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gixxerific
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R.I.P Maya we will always love you!!!!!!!!!!!!!!!!!!!!

Well it finally happened my dog, my best friend was put to sleep late last night. I knew it was coming but this came all of the sudden. A little over a week ago we had a tumor removed from her leg. It turned out to be cancerous but all the cancer was removed and she should have been good. Before we even had the bandage removed she turned for the worse on Sun.

We took her to the emergency vet last night, comes down to she had another tumor (different cancer) on her spleen we didn't know about that ruptured and she had internal bleeding that would let her live another 10 - 12 hours. Emergency surgery would MAYBE have given her another 3 month's till she passed, which would have been hell for her anyways. We all said good by and she died in my arms. :cry: She was in very bad shape at the time with a low body temp and a ton of lost weight. I am such a wreck right now.

She was the best dog EVER. My wife and I were talking today and all the dogs we have ever had grwoing up were nothing to our "big baby girl". Worst thing is my son loved her just as much as I did. He is pretty tore up, my daughter 4 doesn't quite understand.

You don't know how hard it is to write this.

We miss you soooooooooooo very much Maya. You will always be first in our hearts.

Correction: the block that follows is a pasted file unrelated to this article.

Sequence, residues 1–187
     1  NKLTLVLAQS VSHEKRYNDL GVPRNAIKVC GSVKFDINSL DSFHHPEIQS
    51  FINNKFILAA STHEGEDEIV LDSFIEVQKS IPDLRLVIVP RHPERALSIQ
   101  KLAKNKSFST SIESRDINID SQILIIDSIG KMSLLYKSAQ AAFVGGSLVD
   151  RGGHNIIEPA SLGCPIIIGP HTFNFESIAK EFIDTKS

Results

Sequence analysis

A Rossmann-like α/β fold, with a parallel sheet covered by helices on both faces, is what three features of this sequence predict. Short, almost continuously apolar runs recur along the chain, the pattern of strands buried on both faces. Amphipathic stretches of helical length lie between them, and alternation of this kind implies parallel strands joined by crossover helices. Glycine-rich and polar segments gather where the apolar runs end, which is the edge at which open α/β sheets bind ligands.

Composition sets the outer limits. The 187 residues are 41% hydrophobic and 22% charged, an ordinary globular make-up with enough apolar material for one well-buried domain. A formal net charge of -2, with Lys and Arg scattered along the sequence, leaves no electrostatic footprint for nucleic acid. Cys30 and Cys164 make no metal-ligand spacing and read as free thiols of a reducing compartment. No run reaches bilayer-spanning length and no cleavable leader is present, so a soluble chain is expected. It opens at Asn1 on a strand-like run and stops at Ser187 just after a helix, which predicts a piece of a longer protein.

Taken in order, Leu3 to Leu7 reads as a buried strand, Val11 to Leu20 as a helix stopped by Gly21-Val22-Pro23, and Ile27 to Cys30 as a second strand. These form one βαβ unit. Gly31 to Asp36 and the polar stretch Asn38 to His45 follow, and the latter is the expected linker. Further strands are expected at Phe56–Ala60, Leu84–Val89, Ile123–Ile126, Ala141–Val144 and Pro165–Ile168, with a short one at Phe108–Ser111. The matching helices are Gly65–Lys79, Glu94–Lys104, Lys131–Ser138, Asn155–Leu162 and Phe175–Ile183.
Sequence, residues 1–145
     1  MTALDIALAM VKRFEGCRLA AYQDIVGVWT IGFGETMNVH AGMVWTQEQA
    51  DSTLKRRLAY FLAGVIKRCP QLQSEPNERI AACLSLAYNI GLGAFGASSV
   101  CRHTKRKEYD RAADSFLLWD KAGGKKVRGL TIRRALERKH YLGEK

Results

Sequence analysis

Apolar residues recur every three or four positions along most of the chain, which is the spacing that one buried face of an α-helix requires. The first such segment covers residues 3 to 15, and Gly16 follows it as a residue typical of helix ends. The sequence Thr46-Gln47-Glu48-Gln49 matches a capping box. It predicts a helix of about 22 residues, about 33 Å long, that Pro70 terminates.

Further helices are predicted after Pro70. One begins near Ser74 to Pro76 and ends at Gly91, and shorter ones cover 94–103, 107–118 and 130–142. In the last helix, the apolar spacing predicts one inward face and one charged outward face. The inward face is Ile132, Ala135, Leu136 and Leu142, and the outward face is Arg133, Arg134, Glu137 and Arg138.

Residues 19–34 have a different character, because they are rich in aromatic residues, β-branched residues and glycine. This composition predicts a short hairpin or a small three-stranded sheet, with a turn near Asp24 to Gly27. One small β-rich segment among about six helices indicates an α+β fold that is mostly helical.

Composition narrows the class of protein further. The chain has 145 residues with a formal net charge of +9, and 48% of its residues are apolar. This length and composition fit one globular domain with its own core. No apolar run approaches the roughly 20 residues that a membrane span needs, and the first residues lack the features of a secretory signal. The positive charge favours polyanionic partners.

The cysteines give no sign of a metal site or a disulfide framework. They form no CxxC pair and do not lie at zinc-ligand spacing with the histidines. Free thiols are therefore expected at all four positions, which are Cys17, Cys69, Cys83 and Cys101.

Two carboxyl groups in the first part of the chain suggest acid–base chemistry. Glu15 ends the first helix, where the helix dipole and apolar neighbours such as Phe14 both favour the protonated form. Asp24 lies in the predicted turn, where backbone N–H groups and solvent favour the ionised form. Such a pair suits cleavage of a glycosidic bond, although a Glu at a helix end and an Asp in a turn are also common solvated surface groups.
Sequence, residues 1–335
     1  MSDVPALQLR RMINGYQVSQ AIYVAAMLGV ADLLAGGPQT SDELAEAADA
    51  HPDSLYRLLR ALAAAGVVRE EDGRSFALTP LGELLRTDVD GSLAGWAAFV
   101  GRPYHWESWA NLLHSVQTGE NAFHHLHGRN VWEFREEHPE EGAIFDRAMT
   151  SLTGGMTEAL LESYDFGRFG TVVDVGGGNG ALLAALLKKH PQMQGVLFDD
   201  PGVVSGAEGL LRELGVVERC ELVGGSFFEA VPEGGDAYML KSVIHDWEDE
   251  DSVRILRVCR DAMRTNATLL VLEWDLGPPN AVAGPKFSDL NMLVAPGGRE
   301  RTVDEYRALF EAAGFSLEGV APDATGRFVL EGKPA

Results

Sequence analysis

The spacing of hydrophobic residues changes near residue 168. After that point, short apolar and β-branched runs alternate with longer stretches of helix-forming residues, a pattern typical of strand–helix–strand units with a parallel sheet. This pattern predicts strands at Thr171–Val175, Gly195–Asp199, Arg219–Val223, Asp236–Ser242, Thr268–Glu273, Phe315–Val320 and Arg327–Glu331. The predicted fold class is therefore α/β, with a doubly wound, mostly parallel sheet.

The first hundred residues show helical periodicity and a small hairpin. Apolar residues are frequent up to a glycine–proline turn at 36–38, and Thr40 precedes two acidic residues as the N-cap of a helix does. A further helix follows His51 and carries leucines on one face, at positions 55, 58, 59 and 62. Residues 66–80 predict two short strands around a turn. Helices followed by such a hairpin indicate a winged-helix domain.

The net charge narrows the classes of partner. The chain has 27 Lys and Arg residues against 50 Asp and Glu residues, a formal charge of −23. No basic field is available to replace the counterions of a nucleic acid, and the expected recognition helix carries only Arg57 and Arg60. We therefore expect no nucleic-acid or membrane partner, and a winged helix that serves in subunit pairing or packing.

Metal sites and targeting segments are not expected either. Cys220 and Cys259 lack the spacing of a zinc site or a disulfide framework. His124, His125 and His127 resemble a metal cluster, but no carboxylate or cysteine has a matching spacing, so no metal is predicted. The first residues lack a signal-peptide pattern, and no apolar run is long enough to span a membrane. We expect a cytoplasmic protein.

I'm going to eat some sleeping to wash down this vodka now. :cry:

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gixxerific
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gixxerific
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[img]https://i272.photobucket.com/albums/jj185/gixxerific/DSC00501.jpg[/img]
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cynthia_h
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What a sweet-looking girl Maya is/was, a true family dog. :( I'm so sorry she's gone; I remember when you posted a while back about her being injured/sick and how you were so worried about her.

Tumor on the spleen. We in the Bernese Mtn. Dog community know about those nasty ba*****s ("baddies," of course ... NOT). Malignant histiocytosis is what causes it in the vast majority of Berners, and unless it's miraculously diagnosed very early in its development, there is NO treatment. None. I lost my first Berner to histio in five days. From diagnosis to the end.

No time to prepare myself or even my dog sitters. No children were involved. So I have an inkling of what you're going through, and it IS awful. Terrible. Painful. Shocking to the whole system.

I can only imagine that it's worse for a man, because of the cultural prohibition on men showing public, sad emotion (I.e., crying). A woman can at least sniffle and say, "My dog just died," or even, "We had a sudden death in the family," and people will go, "Oh, I'm so sorry."